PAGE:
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Tux Machines is 10

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A lot has happened since Susan started the site and we are grateful for her legacy, which the Wayback Machine can show. In the coming years we will try to make more improvements in the way we pick news quickly and the way the news is presented or organised.

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Congrats :)

Congrats on the hard work Smile

Amazing

I miss seeing Susan around here, but you've done well to keep the site active and interesting. Long live Tux Machines!

srlinuxx will ALWAYS waddle

srlinuxx will ALWAYS waddle the waddle! She'll be very missed. I hope she logs in occasionally and lets her fans know she's still kickin'. Smile

Dr. Roy and Rianne are doing a great job of keeping the Tux Machine will oiled and running efficiently.

Looking forward to many years of informative reading and interaction here.

~V. T. Eric Layton (aka Nocturnal Slacker, vtel57)
http://vtel57.com

More in Tux Machines

Devices: Aaeon, Corvalent, and Renesas Electronics

Red Hat and Servers: India, China, Docker and Kubernetes

GNOME: LVFS and Epiphany

  • Richard Hughes: Shaking the tin for LVFS: Asking for donations!
    Nearly 100 million files are downloaded from the LVFS every month, the majority being metadata to know what updates are available. Although each metadata file is very small it still adds up to over 1TB in transfered bytes per month. Amazon has kindly given the LVFS a 2000 USD per year open source grant which more than covers the hosting costs and any test EC2 instances. I really appreciate the donation from Amazon as it allows us to continue to grow, both with the number of Linux clients connecting every hour, and with the number of firmware files hosted. Before the grant sometimes Red Hat would pay the bandwidth bill, and other times it was just paid out my own pocket, so the grant does mean a lot to me. Amazon seemed very friendly towards this kind of open source shared infrastructure, so kudos to them for that. At the moment the secure part of the LVFS is hosted in a dedicated Scaleway instance, so any additional donations would be spent on paying this small bill and perhaps more importantly buying some (2nd hand?) hardware to include as part of our release-time QA checks.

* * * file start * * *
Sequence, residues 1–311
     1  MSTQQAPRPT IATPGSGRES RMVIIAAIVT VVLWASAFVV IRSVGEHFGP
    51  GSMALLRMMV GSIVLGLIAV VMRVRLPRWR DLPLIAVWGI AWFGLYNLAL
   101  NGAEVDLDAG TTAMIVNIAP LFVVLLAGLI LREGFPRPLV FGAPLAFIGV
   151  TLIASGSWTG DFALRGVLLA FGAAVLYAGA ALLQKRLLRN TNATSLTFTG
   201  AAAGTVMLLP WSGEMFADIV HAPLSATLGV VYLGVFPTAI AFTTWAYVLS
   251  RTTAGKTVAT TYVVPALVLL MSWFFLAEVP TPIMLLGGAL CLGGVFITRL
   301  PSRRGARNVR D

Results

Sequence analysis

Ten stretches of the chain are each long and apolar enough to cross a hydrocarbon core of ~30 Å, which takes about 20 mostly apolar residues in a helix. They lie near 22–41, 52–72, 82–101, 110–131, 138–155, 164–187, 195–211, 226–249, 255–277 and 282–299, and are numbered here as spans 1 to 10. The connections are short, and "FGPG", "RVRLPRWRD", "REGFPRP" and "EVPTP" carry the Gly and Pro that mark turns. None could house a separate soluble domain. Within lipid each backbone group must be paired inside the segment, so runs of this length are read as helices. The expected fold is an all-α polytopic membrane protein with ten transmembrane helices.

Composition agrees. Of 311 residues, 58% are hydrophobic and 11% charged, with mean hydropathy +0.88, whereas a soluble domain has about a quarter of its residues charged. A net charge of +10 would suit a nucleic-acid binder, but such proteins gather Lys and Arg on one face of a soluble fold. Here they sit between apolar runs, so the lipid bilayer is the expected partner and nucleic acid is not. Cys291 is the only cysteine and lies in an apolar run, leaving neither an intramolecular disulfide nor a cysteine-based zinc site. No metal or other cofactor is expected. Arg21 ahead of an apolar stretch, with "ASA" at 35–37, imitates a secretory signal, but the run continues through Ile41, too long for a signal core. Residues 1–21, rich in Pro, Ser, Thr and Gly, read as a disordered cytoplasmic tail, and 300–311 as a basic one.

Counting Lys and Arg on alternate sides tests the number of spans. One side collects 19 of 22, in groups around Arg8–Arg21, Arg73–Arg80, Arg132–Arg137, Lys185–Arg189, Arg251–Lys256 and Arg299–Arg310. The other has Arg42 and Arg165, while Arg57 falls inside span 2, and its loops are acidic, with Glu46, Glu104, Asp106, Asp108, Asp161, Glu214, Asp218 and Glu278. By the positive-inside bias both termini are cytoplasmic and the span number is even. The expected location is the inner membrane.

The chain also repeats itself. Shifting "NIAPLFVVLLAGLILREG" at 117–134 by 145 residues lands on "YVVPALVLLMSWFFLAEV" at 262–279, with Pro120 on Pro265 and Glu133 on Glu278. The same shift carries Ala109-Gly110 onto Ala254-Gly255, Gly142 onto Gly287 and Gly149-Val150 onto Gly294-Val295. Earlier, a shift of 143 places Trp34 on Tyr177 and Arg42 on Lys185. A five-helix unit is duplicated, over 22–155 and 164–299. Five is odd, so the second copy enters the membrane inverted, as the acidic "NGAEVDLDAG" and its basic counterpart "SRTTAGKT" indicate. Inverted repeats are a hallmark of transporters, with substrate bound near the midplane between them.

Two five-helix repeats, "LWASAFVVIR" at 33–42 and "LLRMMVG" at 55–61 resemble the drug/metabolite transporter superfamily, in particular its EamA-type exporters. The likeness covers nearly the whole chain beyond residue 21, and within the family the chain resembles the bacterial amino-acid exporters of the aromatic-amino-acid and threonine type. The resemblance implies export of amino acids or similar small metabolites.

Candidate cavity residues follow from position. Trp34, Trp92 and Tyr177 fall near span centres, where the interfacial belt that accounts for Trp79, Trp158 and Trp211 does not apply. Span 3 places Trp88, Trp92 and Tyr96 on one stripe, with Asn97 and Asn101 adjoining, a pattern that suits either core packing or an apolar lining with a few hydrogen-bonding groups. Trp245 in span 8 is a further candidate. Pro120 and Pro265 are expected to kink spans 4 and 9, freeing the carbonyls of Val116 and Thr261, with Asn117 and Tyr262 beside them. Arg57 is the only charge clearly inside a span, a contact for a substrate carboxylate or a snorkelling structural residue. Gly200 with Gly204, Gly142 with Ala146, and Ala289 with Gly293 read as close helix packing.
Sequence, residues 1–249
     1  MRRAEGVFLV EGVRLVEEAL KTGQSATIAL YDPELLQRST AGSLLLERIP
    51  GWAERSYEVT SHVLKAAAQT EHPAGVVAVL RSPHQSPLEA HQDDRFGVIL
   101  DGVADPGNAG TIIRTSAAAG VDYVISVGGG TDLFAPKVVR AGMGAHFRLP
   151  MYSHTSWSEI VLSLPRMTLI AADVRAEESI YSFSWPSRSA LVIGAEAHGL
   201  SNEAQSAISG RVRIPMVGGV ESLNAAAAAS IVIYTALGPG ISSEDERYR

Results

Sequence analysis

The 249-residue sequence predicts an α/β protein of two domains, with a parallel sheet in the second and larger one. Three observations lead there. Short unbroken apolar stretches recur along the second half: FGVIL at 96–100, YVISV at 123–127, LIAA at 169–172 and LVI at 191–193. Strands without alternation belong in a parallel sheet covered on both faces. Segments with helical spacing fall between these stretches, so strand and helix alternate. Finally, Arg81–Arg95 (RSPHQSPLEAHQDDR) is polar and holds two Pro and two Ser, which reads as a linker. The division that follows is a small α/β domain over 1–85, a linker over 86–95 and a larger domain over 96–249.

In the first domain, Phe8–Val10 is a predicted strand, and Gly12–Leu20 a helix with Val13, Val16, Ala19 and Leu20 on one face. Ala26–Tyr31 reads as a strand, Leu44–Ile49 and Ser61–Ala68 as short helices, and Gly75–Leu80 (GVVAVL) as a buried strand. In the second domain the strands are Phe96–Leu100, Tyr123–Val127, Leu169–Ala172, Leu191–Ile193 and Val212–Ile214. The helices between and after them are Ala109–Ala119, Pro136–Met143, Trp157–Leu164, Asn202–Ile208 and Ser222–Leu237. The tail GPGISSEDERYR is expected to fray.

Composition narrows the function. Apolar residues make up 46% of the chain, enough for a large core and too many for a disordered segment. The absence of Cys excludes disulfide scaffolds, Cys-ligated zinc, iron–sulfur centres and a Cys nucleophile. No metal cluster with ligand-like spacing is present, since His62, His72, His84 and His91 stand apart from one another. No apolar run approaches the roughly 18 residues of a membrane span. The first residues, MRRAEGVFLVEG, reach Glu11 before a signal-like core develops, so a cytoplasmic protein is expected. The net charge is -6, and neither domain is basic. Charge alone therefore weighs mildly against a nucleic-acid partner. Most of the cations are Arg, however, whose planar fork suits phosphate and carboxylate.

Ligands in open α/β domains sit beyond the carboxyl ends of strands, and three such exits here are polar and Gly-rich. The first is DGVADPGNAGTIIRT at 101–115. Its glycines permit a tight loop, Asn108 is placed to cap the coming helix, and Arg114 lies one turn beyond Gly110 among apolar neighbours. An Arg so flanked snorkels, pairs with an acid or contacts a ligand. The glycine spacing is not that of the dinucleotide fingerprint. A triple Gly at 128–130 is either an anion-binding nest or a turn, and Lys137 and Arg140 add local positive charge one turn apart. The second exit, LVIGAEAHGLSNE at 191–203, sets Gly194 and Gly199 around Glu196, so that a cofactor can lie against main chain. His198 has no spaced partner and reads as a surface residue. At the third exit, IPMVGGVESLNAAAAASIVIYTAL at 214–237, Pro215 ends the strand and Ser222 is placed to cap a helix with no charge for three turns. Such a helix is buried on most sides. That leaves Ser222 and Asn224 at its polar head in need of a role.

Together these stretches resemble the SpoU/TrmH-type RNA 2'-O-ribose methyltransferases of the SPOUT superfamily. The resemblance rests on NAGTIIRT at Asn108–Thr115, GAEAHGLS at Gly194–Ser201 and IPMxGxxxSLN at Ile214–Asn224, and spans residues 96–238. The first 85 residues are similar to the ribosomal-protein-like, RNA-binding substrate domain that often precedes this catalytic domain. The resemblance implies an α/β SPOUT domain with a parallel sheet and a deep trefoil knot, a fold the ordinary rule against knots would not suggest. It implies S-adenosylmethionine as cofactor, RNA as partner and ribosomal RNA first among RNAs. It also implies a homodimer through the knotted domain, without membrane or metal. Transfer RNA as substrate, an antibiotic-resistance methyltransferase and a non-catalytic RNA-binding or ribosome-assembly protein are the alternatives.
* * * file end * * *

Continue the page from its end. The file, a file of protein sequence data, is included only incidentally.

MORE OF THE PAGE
• Epiphany 3.28 Development Kicks Off With Safe Browsing, Better Flatpak Handling
    Epiphany 3.27.1 was released a short time ago as the first development release of this web-browser for the GNOME 3.28 cycle. For being early in the development cycle there is already a fair number of improvements with Epiphany 3.27.1. Some of the highlights include Google Safe Browsing support, a new address bar dropdown powered by libdazzle, and improvements to the Flatpak support.
  • Safe Browsing in Epiphany
    I am pleased to announce that Epiphany users will now benefit from a safe browsing support which is capable to detect and alert users whenever they are visiting a potential malicious website. This feature will be shipped in GNOME 3.28, but those who don’t wish to wait that long can go ahead and build Epiphany from master to benefit from it. The safe browsing support is enabled by default in Epiphany, but you can always disable it from the preferences dialog by toggling the checkbox under General -> Web Content -> Try to block dangerous websites.

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